By Doug Tenney, Leist Mercantile
The corn number was actually friendly due to feed usage not down as much as some had feared. However, corn exports and corn for ethanol were also reduced.
Typically the April Supply and Demand Report has been pretty boring. Traders view the May report more importantly as it provides the first supply and demand numbers for the upcoming 2019 crops.
Corn ending stocks increased 200 million bushels, due to cuts in ethanol, exports, and corn used for feed.
Traders will be closely watching export projections for corn, soybeans, and wheat and how that flows through to the bottom line. Soybean and wheat ending stocks are expected to see little changes in the U.S. tables. Corn captures plenty of attention to see how USDA views corn fed to livestock and the resulting ending stocks. Last month’s surprise of higher than expected corn stocks had corn closing 17 cents lower.
Just before the report, grains were all lower with corn down 4 cents, soybeans and wheat down 3 cents. Shortly after the report, corn was unchanged, soybeans down 1 cent, with wheat down 3 cents.
The floods in Nebraska and Iowa were not accounted for with the March 29 Planting Intentions Report. Operating loan non renewals by banks are being reported. Plenty of news items other than the U.S. and China trade deal exist. However, the lack of a trade deal has and continues to dominate grain prices.
Today’s report put U.S. corn ending stocks at 2.035 billion bushels, soybeans at 898 million bushels, and wheat at 1.087 billion bushels. Ending stocks in the March report had corn at 1.835 billion bushels, soybeans of 900 million bushels, and wheat at 1.055 billion bushels. Known for months, U.S. soybean and wheat exports year to date have been running below those of a year ago. Corn exports have started to move lower in recent weeks. Also, corn used for ethanol has been struggling. Margins are still negative but margins have improved drastically the past two weeks.
The March 1 trade deadline announced months ago by President Trump has faded well into the background. U.S. and China trade officials continue to hammer out details as headlines report progress, yet details are sorely lacking. A date for a trade signing between the U.S. and China has not been announced. This fact continues to be a negative. Now on the near term radar are further trade talks which also need much attention. Canada is not happy with ethanol, potentially placing tariffs on U.S. ethanol imports. China wants to talk further about DDG shipments. Talks with the European Union also need to take place. Even with a trade deal signing for the U.S. and China taking place someday, it will not move these other trade talks out of focus. The U.S. has expended lots of energy to get a China trade deal completed at the expense of these other trade issues.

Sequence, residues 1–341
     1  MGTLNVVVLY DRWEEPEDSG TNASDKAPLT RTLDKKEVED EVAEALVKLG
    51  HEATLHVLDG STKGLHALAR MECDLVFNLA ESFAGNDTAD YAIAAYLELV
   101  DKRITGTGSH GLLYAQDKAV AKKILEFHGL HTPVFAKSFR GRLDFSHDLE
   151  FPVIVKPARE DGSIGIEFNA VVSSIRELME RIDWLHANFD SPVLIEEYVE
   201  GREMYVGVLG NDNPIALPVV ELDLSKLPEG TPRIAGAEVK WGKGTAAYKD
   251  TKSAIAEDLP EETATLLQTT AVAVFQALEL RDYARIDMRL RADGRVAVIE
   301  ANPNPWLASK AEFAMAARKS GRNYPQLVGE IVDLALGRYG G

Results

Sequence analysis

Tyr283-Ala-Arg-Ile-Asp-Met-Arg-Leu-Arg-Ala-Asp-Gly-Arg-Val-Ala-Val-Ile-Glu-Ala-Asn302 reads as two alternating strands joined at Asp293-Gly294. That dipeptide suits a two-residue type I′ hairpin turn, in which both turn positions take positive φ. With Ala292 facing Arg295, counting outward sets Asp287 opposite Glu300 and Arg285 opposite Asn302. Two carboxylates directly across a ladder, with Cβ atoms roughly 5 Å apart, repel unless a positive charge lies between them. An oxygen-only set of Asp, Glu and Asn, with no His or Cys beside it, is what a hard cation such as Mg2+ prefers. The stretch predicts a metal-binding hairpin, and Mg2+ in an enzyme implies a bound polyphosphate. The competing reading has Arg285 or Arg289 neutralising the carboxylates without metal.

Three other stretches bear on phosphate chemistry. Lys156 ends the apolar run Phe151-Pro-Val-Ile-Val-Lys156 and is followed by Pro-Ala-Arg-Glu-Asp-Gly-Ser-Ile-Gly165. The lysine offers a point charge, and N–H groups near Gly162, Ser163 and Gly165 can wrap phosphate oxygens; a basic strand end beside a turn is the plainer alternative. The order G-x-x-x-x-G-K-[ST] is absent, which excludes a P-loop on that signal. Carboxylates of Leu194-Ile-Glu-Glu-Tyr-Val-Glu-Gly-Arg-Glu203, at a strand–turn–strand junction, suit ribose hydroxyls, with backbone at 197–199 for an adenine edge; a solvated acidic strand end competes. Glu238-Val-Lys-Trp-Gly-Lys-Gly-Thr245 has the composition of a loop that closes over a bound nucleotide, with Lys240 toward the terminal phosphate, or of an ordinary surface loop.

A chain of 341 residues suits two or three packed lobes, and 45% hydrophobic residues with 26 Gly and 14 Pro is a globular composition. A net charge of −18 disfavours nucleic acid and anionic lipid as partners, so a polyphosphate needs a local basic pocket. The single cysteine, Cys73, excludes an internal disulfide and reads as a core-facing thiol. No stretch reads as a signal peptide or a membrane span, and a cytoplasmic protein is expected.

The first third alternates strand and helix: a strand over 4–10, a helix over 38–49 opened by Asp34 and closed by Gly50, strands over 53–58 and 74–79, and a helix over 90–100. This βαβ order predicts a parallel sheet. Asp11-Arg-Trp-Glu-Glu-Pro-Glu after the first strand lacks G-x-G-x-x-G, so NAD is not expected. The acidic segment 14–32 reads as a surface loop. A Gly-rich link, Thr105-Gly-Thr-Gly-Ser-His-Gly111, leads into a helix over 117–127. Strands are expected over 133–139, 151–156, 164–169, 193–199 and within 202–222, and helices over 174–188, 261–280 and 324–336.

World ending stocks of corn, soybeans, and wheat look to increase compared to last month. Corn production in Argentina could increase nearly one million tons with a smaller increase of corn production in Brazil is expected. Brazil’s soybean production is expected to see minor changes lower.
While producer’s minds are on fieldwork and the planting of corn and soybeans, the market seems to care little about all the work producers need to complete in the next six weeks. The Midwest continues to see cool and wet conditions for at least the next 15 days. In the near term, a major snow event looks to be brewing this week. Snow is expected in Nebraska, South Dakota, Minnesota, and parts of Iowa which could be anywhere from 6-22 inches in those areas. Field work delays are expected throughout the Midwest into late April.
Last night’s weekly crop progress report had the U.S. corn planting progress at just 3% with 4% the five-year average. Ohio is beginning to see isolated field work underway as anhydrous ammonia applications have started. If the expected Friday rains would not take place, more field activity is just around the corner. However, soil temperatures remain very cold. Numerous sunny days along with zero rain will need to occur to really get field work taking place in a major fashion.
Weather could move into a market mover if the wet patterns continue across the Midwest.